On March 8, UNESCO (United Nations Educational, Scientific and Cultural Organisation) published a condemnation of human rights violations perpetrated by Assad’s regime in Syria. The resolution was passed with 35 votes in favour, and 8 opposed, making UNESCO the third UN agency (after the General Assembly and the Human Rights Council) to address the human rights situation in Syria. However this condemnation seems inconsistent with UNESCO’s treatment of Syria, since Assad’s representatives are still sitting in two UNESCO committees dealing with human rights issues: the Committee on Conventions and Recommendations and the Committee on International Non-Governmental Organisations.
Syria was nominated for the two committees by the Arab Group, and its nomination was ratified on November 11, 2011 (long after the government had already killed large numbers of its own dissident citizens) by UNESCO’s 58-nation executive board- in which Syria was already a sitting member.
“The United States is profoundly disappointed that this resolution does not call for the outright removal of Syria from the committee on Conventions and Recommendations- something for which we have repeatedly called for, ” stated US Permanent Representative to UNESCO, Ambassador David Killion, after the vote on the situation in Syria. “I agree with Director General Bokova that, given the actions of the Assad regime, it is not clear how Syria can contribute to the work of the committee,” He added.
Killion cited a recent report which was presented to UNESCO regarding the situation in Syria, exposing the devastating implications of the regime’s violence: “Syrian villages, towns and cities are facing devastation, and Syria’s rich cultural heritage is imperiled. How many dead and wounded journalists must be carried out of Syria before we recognize that the situation in that country is an affront to the very purposes for which UNESCO was founded?”
Killion was not the only one to voice his opposition and discontent regarding Syria’s membership in UNESCO’s human rights-related committees. On January 6, the UK announced that it will act with other countries to expel Syria from the human rights committees. The UK announcement was in response to a joint appeal by Members of Parliament, human rights organisations, civil society representatives and pro-democracy dissidents and activists launched on December 15, 2011 to the UNESCO Executive Board “to urgently remove the Syrian regime from the aforementioned human rights committees, and to publicly apologise to the victims of the Syrian regime for having elected it in the first place.” The appeal declared that “each day that the Syria continues to sit on the aforementioned UNESCO human rights committees constitutes an affront to the memory of the innocents who continue to be killed by the Assad regime, and casts a shadow upon the reputation of UNESCO, and of the United Nations system as a whole.” Like the American statement, this appeal also mentioned the opposition to the election of Syria as a member of these committees expressed by the UNESCO Director-General, Ms. Irina Bokova, who has stated that she “does not see how the Syria can contribute to the work of the committees.”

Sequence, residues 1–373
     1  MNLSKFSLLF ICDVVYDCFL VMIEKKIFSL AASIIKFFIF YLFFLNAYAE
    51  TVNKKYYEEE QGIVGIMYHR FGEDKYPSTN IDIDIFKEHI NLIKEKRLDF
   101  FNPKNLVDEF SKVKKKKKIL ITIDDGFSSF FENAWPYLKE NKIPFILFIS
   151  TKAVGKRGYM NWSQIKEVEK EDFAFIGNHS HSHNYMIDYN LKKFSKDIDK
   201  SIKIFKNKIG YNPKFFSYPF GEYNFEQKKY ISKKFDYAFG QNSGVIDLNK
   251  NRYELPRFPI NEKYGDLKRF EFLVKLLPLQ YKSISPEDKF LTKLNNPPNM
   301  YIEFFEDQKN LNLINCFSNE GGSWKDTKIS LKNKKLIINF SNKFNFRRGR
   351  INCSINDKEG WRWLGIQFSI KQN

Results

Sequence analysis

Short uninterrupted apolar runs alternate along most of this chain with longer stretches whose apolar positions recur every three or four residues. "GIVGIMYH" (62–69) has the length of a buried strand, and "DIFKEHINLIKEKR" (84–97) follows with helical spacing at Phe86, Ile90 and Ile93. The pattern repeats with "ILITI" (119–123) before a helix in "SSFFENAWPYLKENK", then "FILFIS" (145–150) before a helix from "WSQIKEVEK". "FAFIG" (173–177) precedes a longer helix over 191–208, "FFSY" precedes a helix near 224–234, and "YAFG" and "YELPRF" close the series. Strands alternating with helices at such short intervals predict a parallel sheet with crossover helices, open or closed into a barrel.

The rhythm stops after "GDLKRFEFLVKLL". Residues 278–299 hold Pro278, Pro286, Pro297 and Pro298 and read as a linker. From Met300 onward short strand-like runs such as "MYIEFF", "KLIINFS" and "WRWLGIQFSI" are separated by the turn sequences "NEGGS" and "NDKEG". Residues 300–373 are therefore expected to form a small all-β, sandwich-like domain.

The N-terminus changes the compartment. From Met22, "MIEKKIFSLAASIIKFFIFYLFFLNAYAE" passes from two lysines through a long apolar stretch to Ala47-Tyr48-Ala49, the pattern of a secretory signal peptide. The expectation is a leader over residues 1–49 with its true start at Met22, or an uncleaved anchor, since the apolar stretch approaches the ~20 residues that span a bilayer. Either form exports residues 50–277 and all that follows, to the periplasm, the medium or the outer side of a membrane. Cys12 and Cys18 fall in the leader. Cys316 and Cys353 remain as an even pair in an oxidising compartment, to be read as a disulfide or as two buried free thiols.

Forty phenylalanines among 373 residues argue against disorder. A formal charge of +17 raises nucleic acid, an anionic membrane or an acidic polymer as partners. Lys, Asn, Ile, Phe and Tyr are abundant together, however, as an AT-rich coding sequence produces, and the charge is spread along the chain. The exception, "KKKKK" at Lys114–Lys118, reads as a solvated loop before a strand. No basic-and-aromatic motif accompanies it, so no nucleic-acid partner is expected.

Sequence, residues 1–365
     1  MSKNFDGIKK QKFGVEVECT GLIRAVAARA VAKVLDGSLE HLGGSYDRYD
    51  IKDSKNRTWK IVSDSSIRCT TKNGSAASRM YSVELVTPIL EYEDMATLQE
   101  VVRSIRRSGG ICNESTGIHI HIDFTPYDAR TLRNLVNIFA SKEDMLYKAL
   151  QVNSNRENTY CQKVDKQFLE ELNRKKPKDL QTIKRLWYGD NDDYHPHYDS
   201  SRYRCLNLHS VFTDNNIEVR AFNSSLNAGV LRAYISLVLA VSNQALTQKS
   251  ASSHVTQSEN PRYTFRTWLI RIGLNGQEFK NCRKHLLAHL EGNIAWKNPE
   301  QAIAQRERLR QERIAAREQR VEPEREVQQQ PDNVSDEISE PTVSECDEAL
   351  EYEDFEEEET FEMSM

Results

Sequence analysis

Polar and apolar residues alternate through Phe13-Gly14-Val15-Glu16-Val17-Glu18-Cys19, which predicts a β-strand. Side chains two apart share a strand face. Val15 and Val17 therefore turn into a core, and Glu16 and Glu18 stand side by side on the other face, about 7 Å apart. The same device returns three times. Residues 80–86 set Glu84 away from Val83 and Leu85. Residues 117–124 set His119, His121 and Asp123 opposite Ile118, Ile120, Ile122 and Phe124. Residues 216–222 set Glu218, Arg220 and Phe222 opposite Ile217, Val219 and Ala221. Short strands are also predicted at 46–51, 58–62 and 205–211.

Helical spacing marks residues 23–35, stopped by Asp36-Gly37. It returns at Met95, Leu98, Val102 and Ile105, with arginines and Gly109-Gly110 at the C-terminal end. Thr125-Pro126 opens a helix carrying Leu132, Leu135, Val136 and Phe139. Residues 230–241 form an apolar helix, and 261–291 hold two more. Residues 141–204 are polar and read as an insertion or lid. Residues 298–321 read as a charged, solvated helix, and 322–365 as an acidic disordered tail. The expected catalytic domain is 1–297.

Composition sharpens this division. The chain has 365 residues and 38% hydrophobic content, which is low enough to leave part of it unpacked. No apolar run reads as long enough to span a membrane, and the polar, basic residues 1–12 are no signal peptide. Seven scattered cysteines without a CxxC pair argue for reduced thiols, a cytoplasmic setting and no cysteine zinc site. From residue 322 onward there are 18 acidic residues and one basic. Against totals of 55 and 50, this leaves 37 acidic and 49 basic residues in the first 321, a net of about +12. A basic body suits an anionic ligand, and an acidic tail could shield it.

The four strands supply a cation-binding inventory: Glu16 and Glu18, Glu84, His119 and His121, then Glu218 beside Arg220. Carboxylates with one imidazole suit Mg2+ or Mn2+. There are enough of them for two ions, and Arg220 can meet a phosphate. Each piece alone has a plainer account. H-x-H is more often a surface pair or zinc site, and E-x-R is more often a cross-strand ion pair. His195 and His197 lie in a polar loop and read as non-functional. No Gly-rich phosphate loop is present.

A representative of the UK Foreign Office stated that the UK “deplores the continuing membership of Syria on this committee and does not believe that Syria’s presence is conducive to the work of the body or UNESCO’s reputation,” while referring to Syria’s membership in the committees an “abhorrent [and] anomalous situation.”
UNESCO’s condemnation of Syria is a result of an initiative by UNESCO members (U.S., EU members, Canada, Japan, Qatar, Kuwait etc), which formed a coalition and requested that Syria’s controversial membership be discussed and reviewed as an agenda item during the UNESCO board meeting last month. This effort was launched on December 14, 2011. It was signed by 14 member states and was joined by other countries, such as Japan and South Korea by January. The request stated that “UNESCO must respond to these appeals for concerted action to address the egregious human rights situation in Syria,” and emphasised that Syria’s membership on UNESCO’s Committee on Conventions and Recommendations allows it to participate “in the examination of cases involving alleged human rights violations… In view of the current situation in Syria, the Executive Board must review the participation of Syria in this aspect of its work…In addition, in view of documented concerns about the effect of the situation in Syria on its people, including, in particular, children and journalists, the Board should review this situation having reference to other areas of UNESCO’s competence, namely, education, cultural preservation and press freedom.”
Despite the campaign to remove Syria from human rights- related UNESCO committees and growing support for the campaign by UNESCO executive board members, Syria’s membership in these committees remains, for now, unchallenged. The hypocrisy expressed by UNESCO only chips away the agency’s remaining credibility, as it condemns Syria for human rights violations, while keeping it as a member of its own human rights committees. One can only hope that the absurdity of the situation and the damaging effect for UNESCO will eventually lead to meaningful and effective decision-making, not mere slaps on the wrist, as happened earlier this year, when Syria had submitted its candidacy for a seat on the UN Human Rights Council. That candidacy was eventually defeated following a global protest campaign.